It was that pattern in the landscape which started him thinking about the centuries of agricultural activity in England; that one of the important things about the country is that it has been occupied for so many years that there are layers of human habitation and history everywhere.  It is not possible to walk anywhere where no-one has walked before you; and that we are surrounded by the signs of history if we care to notice them; it’s all drenched in narrative.

At the watercolour exhibition the picture which jumped out at him was one of a bird’s eye view of field enclosures. This, together with his ‘Watford Gap Moment’, started him thinking about land clearances and the people affected; and that even if he wrote something ‘historical’ it could still have contemporary relevance as there have always been, and still are, people being turned off land.

He quoted Hilary Mantel’s ‘rule’ that in historical fiction if you are going to include a fact, then you must ensure that it is correct.  JC said he didn’t adhere to that tenet.  For him, facts create constraints on narrative imagination – the less you know, the more you can imagine.

The questions from the audience after he had read from Harvest, focussed on his stated intent that this would be his last novel.  Some people were worried about how he would express his creativity without fiction to write(!).  He assured us that he still has plans to write some natural history books, (which, with his love for making things up may not be entirely based on science), and that, after many years of sitting alone in his work room in his garage, he has other creative plans outside….and there’s always the possibility that he will change his mind and find the right ‘autobiographical’ book to write.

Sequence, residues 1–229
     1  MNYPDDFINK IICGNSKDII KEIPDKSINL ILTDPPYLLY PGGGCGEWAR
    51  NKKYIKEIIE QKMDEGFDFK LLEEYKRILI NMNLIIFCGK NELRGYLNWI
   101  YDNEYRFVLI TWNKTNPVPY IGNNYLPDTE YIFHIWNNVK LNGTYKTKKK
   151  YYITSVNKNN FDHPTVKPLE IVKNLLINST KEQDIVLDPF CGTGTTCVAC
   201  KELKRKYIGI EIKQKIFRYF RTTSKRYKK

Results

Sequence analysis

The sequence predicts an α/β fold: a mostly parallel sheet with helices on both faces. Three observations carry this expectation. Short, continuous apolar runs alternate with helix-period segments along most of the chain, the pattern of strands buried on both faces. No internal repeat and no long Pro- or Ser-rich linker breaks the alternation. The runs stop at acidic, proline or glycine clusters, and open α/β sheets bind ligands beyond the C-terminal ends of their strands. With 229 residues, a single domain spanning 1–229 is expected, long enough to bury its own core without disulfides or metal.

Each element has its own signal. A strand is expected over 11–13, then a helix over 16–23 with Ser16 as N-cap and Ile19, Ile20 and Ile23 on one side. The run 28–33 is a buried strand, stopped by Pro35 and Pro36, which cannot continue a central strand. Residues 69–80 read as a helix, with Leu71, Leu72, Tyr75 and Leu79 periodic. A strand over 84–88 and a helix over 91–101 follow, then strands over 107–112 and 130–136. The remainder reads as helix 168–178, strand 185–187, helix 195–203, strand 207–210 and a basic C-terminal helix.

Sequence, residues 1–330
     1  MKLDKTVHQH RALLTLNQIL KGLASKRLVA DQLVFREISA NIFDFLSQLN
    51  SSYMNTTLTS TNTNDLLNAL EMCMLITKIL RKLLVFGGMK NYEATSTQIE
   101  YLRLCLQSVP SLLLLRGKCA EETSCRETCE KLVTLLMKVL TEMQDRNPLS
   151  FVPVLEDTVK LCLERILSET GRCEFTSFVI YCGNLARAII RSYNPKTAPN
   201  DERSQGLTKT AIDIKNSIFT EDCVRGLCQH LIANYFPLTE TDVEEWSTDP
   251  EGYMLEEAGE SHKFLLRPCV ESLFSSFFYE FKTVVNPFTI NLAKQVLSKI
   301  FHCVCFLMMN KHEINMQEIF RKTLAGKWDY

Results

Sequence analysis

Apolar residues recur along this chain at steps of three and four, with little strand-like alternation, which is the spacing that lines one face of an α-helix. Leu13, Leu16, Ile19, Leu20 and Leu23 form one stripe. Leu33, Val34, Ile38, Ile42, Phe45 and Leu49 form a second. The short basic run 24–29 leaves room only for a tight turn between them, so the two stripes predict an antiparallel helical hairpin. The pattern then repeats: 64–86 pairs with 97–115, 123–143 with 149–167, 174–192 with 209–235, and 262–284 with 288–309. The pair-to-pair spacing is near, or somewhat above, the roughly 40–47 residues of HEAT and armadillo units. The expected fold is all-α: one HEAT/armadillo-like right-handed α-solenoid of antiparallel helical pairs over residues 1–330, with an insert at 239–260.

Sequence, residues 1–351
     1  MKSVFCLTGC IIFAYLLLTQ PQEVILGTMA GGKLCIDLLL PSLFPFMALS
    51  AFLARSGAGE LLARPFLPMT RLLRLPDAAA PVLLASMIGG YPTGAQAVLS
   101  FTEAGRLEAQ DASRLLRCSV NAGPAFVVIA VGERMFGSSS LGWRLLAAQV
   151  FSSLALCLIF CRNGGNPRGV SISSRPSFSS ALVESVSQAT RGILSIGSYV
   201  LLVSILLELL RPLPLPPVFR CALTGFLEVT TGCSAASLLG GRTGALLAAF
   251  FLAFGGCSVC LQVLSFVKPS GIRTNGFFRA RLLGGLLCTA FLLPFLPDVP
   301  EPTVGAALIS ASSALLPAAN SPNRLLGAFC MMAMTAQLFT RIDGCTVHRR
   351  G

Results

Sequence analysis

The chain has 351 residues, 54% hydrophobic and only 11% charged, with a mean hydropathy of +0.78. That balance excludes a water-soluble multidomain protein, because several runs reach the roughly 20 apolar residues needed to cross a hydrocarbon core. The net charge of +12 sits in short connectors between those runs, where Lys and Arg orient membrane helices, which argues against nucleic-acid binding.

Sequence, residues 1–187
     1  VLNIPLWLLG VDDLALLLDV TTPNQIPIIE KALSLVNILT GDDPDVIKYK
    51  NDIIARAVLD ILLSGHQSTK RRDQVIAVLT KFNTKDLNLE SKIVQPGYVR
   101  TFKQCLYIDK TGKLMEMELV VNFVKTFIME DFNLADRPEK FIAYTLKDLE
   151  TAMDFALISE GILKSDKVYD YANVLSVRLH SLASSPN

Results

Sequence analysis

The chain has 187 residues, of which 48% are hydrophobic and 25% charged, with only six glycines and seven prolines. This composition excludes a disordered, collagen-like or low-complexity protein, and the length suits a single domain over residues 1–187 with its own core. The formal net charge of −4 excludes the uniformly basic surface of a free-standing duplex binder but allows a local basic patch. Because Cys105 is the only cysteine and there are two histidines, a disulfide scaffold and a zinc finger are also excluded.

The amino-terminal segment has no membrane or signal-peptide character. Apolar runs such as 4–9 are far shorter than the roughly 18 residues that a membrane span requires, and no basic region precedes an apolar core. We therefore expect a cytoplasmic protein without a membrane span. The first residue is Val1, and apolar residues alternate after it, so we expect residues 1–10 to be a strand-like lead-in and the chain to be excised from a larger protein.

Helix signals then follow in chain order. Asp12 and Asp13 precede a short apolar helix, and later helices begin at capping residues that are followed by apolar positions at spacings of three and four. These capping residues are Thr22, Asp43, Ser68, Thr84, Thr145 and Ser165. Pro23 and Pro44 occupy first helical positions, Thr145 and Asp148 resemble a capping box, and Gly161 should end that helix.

So, here’s to a Watford Gap Moment for us all today.

Drawn Forward

IMG_2936We had a few little flurries of snow yesterday.  Nothing that made any difference, other than to make a point of how cold it was, but those few little flakes dancing about on the wind reminded me of all the photographs I took when I went to Paris last month.  Then the snow was so thick on the ground it changed the look of the city.  It’s place I’ve visited many times and have taken scores of photos, but the whiteness of the ground and sky there everything into relief, compelling me to take even more.